Friday, 1 June 2012

Forgotten Book - The Reader is Warned

The Reader is Warned, by John Dickson Carr writing under his alias Carter Dickson, is my Forgotten Book for today. First published in 1939, it features Sir Henry Merrivale, a formidable sleuth whom some prefer to Carr’s other great detective, Dr Gideon Fell. There is more humour in the Merrivale stories than in those about Fell, and to some extent one’s reaction as a reader depends on how appealing one finds that humour.

The premise of this story is fascinating. A mysterious chap called Herman Pennik turns up at a country house party hosted by a writer and her husband. He claims that he can influence events by “thought waves” and is provoked into predicting the death of the host before dinner. When Sam Constable duly dies, and without a sign of violence upon him, it seems to some that he may have been killed by the power of the mind alone.

The average mystery reader will be reluctant to accept this conclusion, of course. But what exactly is the murder method, if not “Teleforce”? When the deceased’s wife dies mysteriously, again after a prediction by Pennik that she will die, there is a tabloid sensation. Pennik becomes a media celebrity; these passages are the wittiest in the book.

The revelation of what was really going on left me in two minds. I admired Carr’s ingenuity, but felt that the motivation was rather slender, and not entirely convincing. The problem was that there are too few suspects other than Pennik, and to an extent the story seems like an expanded novella in comparison with some of Carr’s other work. All the same, I enjoyed this book, and I think that others who like outlandish plots in the Carr tradition will enjoy it too.

5 comments:

Jerry House said...

Merrivale was patterned after Winston Churchill, while Gideon Fell was patterned on G. K. Chesterton. Both characters were far more playful than their counterparts and were perfectly fitted for Carr's peculiar plots.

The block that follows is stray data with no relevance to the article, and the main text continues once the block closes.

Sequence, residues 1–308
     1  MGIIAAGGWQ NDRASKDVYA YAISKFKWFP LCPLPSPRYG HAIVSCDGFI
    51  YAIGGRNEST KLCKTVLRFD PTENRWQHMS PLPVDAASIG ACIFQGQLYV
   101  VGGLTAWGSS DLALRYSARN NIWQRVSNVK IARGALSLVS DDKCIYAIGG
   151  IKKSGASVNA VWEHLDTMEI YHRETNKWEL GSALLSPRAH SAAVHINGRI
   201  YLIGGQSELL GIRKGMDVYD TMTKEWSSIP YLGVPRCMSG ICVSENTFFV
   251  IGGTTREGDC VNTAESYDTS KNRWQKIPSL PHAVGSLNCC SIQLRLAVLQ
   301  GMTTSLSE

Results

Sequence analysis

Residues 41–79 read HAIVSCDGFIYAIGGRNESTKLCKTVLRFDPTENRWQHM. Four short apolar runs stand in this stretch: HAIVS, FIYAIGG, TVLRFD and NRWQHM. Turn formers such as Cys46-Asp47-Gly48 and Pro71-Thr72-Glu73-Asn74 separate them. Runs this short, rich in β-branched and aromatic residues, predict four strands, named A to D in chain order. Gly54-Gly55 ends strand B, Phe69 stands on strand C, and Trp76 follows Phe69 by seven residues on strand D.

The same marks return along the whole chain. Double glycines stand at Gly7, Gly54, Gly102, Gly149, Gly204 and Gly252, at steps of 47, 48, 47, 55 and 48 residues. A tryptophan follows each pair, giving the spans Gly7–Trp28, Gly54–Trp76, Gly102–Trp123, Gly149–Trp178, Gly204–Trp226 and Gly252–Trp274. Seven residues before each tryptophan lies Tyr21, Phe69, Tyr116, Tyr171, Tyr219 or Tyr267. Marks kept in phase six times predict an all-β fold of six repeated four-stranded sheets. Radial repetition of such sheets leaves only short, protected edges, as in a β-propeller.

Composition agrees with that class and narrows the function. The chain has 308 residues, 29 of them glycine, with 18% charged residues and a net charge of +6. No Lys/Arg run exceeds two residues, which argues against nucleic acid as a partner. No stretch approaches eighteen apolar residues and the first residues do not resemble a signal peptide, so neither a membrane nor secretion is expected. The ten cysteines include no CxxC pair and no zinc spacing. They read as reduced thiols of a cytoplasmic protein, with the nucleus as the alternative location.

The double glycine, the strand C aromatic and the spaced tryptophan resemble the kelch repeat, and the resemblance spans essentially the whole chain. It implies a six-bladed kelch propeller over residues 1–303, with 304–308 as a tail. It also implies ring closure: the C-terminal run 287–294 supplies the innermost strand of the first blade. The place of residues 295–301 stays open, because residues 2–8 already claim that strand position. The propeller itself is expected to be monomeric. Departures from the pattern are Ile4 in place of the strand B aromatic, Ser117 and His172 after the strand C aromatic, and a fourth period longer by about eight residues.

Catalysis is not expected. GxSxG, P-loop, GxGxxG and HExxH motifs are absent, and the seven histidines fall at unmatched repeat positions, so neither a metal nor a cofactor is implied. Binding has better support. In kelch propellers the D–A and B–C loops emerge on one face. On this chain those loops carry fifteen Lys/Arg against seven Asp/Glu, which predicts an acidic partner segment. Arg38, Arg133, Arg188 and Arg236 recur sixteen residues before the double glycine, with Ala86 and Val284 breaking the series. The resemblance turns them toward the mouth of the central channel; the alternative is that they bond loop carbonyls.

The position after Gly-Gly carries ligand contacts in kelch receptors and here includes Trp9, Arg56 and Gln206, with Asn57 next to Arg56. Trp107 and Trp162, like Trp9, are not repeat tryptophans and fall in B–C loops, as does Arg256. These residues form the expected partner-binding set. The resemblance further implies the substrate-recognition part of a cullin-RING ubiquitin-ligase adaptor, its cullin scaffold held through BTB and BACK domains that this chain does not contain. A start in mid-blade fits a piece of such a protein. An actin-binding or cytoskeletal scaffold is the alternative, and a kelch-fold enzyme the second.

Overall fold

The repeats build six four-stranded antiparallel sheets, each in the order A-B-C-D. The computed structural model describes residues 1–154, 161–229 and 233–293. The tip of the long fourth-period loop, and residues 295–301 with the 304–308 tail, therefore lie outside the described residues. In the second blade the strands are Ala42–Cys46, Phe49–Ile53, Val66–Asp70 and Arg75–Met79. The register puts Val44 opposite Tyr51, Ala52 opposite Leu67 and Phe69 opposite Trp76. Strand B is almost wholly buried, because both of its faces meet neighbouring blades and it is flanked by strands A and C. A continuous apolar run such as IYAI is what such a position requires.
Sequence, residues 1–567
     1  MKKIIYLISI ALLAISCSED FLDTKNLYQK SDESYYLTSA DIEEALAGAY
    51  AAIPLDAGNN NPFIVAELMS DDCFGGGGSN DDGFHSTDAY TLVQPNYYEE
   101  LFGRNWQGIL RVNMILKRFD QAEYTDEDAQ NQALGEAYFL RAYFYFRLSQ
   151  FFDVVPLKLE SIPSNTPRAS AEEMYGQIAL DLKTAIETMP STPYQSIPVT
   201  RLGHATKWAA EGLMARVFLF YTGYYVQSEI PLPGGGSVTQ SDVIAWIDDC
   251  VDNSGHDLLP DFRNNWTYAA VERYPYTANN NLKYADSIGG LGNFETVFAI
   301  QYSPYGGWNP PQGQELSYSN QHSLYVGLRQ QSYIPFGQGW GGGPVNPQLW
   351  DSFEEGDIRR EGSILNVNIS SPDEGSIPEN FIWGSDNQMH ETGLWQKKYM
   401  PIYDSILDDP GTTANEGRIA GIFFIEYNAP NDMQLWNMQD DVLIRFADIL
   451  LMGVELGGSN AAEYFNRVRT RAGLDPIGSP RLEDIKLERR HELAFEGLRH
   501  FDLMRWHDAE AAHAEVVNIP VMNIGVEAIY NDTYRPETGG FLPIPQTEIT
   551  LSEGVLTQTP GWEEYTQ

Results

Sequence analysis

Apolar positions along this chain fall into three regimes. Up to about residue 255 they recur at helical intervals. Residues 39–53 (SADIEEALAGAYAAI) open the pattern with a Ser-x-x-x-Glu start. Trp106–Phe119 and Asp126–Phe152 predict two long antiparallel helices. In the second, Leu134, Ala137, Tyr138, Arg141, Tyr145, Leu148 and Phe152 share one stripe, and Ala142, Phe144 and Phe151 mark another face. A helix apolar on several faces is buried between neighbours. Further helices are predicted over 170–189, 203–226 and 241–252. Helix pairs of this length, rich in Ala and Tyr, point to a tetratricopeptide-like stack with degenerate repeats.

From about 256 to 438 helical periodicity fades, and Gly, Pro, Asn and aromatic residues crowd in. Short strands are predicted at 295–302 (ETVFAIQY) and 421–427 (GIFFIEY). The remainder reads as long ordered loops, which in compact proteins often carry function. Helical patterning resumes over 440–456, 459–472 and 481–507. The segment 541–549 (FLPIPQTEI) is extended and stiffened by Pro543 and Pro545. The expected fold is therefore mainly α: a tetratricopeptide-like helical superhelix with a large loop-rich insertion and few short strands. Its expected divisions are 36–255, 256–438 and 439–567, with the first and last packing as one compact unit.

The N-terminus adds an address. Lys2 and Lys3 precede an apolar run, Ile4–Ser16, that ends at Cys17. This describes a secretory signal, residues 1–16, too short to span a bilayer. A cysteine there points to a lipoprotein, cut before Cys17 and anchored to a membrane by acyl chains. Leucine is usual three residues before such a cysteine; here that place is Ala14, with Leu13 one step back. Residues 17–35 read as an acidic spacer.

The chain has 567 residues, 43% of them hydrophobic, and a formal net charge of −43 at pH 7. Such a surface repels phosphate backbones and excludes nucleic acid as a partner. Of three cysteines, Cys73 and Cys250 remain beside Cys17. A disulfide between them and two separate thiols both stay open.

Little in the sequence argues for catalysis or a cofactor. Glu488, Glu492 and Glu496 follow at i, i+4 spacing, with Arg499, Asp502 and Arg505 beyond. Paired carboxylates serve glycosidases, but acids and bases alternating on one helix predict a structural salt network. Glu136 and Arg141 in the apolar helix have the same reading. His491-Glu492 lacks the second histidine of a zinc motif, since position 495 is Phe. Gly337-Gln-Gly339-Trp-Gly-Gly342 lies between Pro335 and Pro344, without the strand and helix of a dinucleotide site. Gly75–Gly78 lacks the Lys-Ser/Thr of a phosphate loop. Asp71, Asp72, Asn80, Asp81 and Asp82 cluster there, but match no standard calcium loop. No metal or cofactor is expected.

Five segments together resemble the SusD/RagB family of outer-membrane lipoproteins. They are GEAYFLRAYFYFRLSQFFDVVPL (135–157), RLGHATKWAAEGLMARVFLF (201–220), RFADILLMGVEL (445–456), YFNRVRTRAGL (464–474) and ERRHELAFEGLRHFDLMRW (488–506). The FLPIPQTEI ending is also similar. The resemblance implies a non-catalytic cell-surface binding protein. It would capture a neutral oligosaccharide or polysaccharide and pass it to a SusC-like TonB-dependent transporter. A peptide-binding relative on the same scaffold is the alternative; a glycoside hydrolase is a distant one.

I fondly remember The Reader Is Warned. I loved it. Thanks for posting this, Martin!

Puzzle Doctor said...

One of my first Carr reads and one of the ones that converted me, but when I re-read it recently, it didn't read as well as Carr's simpler books such as Til Death Us Do Part and She Died A Lady. But what do I know - I'm don't think The Hollow Man is that great a mystery...

Sextonblake said...

I re-read this recently, and absolutely loved it. It is such a clever advance on the traditional 'locked-room' style mystery. Most traditional crime stories take place in a sort of bubble, whilst this one shows the events spreading out into the wider world. The solution is enormously ingenious. I can understand your reservations about the motivation, although I've heard far sillier motivations in cases of true crime. We tend to be far more exacting about fiction being likely than we are about reality being likely!

John said...

For some reason I tend to prefer the Merrivale books over the Dr. Fell books. The farcical humor and bizarre criminal aspects when Carr is writing as "Carter Dickson" seem to speak to me. I liked this one. I reviewed it last year. Link is here.

Martin Edwards said...

Thanks, as always, for these interesting comments. Thanks for the link, John.